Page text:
Fortunately, we as public relations professionals do not need to look too far for opportunities to build on our existing knowledge and skills to ensure that our work makes the greatest impact for our clients. Whether you are an early career professional who is interested in obtaining an advanced degree or an experienced practitioner who wants hone his or her skills on a new platform, there are numerous options available to help you meet your personal and professional education goals.

Attend a Conference

One way for working professionals to gain new knowledge or acquire new skills is to attend conferences focused on their field or area of interest. These events often feature distinguished speakers who are leaders in the profession and from whose experiences everyone in attendance can learn. In addition to the national conferences and workshops offered through the Public Relations Society of America (PRSA), you can find a number of local and regional events through PRSA-MD, which can offer insight into how peer organizations are staying on top of the changing industry.

Complete an Advanced Degree

Colleges and universities are becoming increasingly sensitive to the needs of working professionals who are looking to advance their careers with a master’s or other professional degree. Many institutions now offer students the option to complete their degrees entirely online, while others provide evening and weekend courses that seamlessly fit into working professionals’ busy schedules. The University of Maryland University College, Notre Dame of Maryland University, Georgetown University, and New York University are just a few of the institutions that offer advanced degree programs for public relations professionals. A quick Internet search will lead you to many more results – at least one of which is sure to meet your unique needs.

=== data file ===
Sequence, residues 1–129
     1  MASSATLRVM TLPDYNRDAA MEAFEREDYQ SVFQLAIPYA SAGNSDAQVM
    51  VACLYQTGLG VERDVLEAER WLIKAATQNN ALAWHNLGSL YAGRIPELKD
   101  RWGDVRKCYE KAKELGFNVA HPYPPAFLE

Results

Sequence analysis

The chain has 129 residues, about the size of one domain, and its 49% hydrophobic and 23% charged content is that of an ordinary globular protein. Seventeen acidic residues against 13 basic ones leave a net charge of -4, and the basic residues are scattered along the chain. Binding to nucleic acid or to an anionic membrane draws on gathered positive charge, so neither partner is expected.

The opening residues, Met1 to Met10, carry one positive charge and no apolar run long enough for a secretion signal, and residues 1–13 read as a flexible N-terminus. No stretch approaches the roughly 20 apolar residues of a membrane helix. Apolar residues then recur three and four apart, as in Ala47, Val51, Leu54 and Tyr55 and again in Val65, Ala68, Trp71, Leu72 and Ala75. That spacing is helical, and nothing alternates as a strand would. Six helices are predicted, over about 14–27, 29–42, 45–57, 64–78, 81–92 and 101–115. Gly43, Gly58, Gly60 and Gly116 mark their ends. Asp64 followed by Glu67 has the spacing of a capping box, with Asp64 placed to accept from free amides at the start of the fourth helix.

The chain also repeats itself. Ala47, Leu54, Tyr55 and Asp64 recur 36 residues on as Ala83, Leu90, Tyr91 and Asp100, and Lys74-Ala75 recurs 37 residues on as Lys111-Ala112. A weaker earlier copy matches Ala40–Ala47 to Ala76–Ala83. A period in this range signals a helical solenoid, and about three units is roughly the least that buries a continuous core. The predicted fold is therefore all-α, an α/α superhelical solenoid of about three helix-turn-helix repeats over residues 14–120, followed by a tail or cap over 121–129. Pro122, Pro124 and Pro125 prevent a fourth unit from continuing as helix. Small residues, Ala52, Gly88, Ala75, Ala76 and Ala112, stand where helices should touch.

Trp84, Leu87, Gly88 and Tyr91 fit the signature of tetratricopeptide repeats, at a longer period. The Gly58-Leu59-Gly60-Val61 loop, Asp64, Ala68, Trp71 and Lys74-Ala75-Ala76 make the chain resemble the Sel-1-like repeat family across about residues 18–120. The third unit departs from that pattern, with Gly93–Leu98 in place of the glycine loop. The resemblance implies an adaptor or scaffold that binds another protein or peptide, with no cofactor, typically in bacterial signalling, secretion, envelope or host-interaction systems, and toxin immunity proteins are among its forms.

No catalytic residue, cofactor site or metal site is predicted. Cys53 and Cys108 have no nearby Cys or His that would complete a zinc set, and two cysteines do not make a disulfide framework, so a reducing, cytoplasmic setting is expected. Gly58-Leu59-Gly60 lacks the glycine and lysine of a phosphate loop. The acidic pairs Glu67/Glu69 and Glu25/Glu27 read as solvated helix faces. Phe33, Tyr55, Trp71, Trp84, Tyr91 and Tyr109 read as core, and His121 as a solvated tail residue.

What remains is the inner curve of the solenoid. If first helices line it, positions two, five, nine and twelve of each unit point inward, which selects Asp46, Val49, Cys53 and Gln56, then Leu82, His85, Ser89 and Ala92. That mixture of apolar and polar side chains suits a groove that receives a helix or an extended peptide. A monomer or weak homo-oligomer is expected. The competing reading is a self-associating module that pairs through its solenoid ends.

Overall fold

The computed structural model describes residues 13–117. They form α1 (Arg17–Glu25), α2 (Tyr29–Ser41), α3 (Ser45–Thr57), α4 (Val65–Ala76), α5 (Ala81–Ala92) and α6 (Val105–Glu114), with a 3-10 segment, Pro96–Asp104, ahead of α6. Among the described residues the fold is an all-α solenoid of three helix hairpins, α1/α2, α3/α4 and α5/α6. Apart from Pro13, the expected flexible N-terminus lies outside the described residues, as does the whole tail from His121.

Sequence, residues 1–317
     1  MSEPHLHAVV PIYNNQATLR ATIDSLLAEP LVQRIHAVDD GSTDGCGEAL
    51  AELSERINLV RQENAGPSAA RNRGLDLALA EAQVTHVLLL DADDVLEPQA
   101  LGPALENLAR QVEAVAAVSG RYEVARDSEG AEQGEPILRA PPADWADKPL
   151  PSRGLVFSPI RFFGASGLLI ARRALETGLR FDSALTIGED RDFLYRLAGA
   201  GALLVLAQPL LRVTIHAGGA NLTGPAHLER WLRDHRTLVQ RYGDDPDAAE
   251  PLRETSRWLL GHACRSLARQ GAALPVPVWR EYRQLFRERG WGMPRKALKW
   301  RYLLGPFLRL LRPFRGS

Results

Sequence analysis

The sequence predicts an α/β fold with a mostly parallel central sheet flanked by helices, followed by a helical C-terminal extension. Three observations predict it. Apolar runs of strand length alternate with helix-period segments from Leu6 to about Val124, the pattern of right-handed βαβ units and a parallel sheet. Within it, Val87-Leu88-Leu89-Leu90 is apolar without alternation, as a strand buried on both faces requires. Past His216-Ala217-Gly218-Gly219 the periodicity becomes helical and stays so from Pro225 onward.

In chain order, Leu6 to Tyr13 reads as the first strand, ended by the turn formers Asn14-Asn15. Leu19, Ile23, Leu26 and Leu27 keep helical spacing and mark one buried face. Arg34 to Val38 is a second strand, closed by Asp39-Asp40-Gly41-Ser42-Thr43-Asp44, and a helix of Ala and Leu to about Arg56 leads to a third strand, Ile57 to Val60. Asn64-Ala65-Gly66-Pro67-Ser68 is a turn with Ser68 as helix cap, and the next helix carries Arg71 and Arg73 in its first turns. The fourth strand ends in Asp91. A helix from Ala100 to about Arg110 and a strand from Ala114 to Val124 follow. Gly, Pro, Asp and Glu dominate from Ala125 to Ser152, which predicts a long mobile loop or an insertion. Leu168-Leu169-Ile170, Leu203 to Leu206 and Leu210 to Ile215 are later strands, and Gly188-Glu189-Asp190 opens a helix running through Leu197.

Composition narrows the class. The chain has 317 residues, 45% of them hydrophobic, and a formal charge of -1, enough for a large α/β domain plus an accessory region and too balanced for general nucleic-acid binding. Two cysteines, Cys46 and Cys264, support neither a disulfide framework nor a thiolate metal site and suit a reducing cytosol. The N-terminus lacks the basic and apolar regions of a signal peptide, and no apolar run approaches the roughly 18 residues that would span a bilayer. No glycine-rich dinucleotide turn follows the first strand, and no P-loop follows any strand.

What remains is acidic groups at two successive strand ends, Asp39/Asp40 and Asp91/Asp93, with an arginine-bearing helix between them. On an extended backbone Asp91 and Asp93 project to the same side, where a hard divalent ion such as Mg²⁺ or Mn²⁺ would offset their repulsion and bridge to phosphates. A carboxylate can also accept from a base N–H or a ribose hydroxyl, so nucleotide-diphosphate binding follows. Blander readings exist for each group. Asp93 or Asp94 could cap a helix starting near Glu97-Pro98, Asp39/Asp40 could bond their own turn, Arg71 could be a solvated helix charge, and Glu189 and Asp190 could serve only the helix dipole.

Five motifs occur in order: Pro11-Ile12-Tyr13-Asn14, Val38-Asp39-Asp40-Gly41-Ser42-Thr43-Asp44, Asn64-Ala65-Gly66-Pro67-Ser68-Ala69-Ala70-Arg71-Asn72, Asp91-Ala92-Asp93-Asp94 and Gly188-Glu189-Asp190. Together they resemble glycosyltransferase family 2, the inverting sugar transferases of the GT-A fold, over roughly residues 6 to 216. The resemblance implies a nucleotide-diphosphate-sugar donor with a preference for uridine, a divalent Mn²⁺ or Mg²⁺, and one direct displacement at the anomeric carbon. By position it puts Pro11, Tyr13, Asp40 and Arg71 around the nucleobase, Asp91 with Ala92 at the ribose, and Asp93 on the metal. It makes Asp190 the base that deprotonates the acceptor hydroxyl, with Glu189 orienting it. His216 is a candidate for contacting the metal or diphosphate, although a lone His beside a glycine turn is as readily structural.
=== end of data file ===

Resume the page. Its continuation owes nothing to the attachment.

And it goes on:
Pursue a Certification

Obtaining a professional certification is another way to demonstrate your proficiency as a public relations practitioner. As the nation’s largest professional organization serving the communications community, PRSA offers a range of certifications for new and experienced professionals to demonstrate drive, dedication, and values in the field of public relations, including the Accreditation in Public Relations (APR) credential. The APR credential certifies a public relations practitioner’s drive, professionalism, and principals, setting that individual apart from peers and positioning him or her as a leader and mentor in the public relations field.

Register for a Webinar